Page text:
Review: Pariso and Svalbard’s Self-Titled Split Album


Pariso and Svalbard return for a release that is truly unique among hardcore splits; this is a collaborative album with both bands contributing a set of songs as well as joining forces for 2 very unique tracks that showcase a beautiful cacophony of styles that draw from the best parts of both band’s sounds.

Pariso lead the proceedings on this split and the band have decided to play in a lower tuning than usual to make their sound even more difficult to pigeonhole. Pariso make a form of progressive hardcore that brings in elements of groove metal that result in crushing breakdowns like the one featured in Underground Notes. If you can imagine Hatebreed by way of Korn and Every Time I Die you’d be in the sort of area you’d need to be in to appreciate Pariso’s incredibly unique sound.

I’ve joked in the past that Pariso are the founders of nu-grind but thanks to the band’s lower tuning this is becoming less of a joke and actually the only genre I can think that suits them perfectly, especially in regards to these recordings. The opening of Delirium also abides to this rule by featuring a relentless grindcore-esque blast-beat that only gives up to deal another punishing groove.

What Pariso are becoming very good at is interspersing their noise with some brilliant leads that actually help deliver a lot of melody. This was brought into the fold during the writing of their previous album Consanguinity and it’s great to see it used prominently in songs like Helios, The Great Demise.

Now onto Svalbard who despite having a sound rooted in hardcore are somewhat different to Pariso. Svalbard’s sound draws from punk far more heavily than Pariso’s and the no-nonsense opening of Ripped Apart delivers an awesome punk beat that soon expands into a post hardcore sound that is far more melodic in nature.

Svalbard’s music is wonderfully textured and features some absolutely soaring leads that add a sense of euphoria and positivity that’s at juxtaposition with the band’s aggressive nature. The band reminds us of gone-but-not-forgotten post rockers Rinoa but with the hardcore punk leanings of a band like Vales. It’s quite a beautiful racket.

Like Pariso before them Svalbard are another underground UK band who have absolutely nailed a sound of their own and despite their longer songs the band also manage to sound like they’re giving it their all for the entirety of their music. Grayscale is mind-bogglingly intense but it still manages to fit some glittery leads into its near 5 minute hardcore punk attack and it’s an exhausting yet brilliant post hardcore anthem.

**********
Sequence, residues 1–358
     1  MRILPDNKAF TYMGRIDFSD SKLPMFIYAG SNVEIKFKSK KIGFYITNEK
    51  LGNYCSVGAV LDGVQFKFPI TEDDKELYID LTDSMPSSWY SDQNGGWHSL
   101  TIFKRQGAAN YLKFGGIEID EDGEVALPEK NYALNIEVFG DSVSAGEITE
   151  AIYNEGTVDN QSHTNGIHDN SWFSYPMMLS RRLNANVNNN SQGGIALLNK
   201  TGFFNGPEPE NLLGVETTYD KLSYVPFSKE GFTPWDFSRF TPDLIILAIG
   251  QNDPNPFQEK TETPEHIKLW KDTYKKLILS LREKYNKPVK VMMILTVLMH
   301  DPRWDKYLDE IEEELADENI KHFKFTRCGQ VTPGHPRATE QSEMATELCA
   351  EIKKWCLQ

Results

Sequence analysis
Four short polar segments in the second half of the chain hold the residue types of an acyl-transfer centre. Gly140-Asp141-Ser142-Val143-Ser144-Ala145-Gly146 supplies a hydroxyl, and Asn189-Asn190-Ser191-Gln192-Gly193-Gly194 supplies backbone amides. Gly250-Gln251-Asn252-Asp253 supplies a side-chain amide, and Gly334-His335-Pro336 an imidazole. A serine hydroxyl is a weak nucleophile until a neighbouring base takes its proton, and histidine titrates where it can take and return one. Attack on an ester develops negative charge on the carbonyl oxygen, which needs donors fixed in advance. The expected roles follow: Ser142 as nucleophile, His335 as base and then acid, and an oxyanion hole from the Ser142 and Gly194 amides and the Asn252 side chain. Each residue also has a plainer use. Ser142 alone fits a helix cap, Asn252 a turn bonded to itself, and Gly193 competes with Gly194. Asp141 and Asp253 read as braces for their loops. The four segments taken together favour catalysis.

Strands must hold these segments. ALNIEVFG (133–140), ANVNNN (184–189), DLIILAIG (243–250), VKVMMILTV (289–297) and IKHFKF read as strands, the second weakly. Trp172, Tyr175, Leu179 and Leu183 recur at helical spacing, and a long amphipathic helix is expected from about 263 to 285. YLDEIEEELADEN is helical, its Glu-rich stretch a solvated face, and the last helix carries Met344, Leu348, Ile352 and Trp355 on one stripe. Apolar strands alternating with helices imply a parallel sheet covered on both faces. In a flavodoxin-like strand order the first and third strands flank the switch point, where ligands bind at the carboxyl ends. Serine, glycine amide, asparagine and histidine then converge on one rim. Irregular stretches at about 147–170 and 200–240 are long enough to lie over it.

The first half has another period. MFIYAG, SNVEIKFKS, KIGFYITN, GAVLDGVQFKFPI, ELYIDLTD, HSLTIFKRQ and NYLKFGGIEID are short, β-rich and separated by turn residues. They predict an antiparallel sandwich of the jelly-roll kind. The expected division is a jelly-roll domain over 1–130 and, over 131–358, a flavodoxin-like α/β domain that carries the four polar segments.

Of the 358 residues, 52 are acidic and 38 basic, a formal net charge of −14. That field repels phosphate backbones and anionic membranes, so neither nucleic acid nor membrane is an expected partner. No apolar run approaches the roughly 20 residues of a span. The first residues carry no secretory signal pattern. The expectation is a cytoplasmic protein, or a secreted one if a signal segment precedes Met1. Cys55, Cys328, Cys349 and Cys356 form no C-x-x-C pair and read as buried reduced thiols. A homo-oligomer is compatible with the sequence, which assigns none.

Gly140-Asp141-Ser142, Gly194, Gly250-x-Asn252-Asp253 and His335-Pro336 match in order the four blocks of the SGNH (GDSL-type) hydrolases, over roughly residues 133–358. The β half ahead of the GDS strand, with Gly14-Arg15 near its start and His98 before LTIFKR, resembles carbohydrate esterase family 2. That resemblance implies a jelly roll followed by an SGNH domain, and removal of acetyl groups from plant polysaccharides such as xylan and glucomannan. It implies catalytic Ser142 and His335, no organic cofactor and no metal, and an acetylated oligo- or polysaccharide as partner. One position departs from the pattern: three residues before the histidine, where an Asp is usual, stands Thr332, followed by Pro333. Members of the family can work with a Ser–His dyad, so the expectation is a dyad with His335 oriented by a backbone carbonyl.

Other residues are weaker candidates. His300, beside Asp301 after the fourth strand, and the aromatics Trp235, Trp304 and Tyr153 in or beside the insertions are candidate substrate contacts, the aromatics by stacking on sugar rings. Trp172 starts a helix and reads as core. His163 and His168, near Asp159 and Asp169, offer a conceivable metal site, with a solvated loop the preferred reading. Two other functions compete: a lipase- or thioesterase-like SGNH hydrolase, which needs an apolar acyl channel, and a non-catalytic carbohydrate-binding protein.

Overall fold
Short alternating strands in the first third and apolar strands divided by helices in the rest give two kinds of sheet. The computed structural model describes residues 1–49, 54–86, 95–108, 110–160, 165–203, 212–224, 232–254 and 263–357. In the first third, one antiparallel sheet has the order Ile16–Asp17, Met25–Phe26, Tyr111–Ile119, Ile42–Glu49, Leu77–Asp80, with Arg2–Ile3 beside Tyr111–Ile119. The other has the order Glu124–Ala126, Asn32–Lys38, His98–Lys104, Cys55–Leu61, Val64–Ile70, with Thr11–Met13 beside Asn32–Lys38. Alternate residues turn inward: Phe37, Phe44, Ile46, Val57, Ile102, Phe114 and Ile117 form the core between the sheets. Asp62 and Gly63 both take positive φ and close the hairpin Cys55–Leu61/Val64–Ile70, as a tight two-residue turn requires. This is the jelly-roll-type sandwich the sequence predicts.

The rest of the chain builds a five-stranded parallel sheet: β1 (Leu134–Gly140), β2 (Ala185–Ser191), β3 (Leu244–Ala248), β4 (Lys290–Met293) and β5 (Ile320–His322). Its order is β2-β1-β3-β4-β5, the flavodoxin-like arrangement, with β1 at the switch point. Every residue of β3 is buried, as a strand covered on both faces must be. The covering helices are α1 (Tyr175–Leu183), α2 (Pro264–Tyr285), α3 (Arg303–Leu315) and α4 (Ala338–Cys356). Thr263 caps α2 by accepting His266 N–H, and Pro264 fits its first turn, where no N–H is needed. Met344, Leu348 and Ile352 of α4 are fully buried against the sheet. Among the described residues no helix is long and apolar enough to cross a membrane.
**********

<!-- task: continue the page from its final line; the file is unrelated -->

Finally it’s important we discuss the collaborative tracks on this split. While the two songs (Floating Anchors and Faceless) clearly draw on elements from both bands’ music, it’s Pariso who seem to be making the decisions in regards to the songs’ structure. Both tracks are shorter 2 minute bursts of extremely progressive metallic hardcore with the only discernible Svalbard elements being the melodic guitar leads and the inclusion of Serena on vocals as well as Mazz.

Regardless of the fact that the amalgamation comes off more as Pariso instead of Pariso and Svalbard, this collaborative album is an incredibly special release from two very unique bands. Pariso’s heavier yet more metal-laden beginning leads into a more positive and melodic second half courtesy of Svalbard that actually feels like the album takes you on a journey through the dark and into the light. This split actually tries to break down the boundaries of the split record concept by showcasing two bands that are very much on the same page regardless of their differences in sound. This could have been a Loutallica but thankfully it’s a wholesome and focussed release that any fan of heavy music should be listening to.


Pariso and Svalbard’s split self-titled album is out now on 12″ vinyl through Tangled Talk Records.

Review: Grey Widow’s I


Grey Widow could be classified as a UK underground metal super-group as the band has been formed from past members of Dopefight, Parole, Thread and The Ergon Carousel. That’s some serious pedigree. Not only that but the band’s debut album has been recorded and mastered by none other than Sam Thredder of Slabdragger. It’s no surprise to learn that Grey Widow’s music is that of the doom variety and the band have seen fit to litter their sound with elements of black metal and sludge.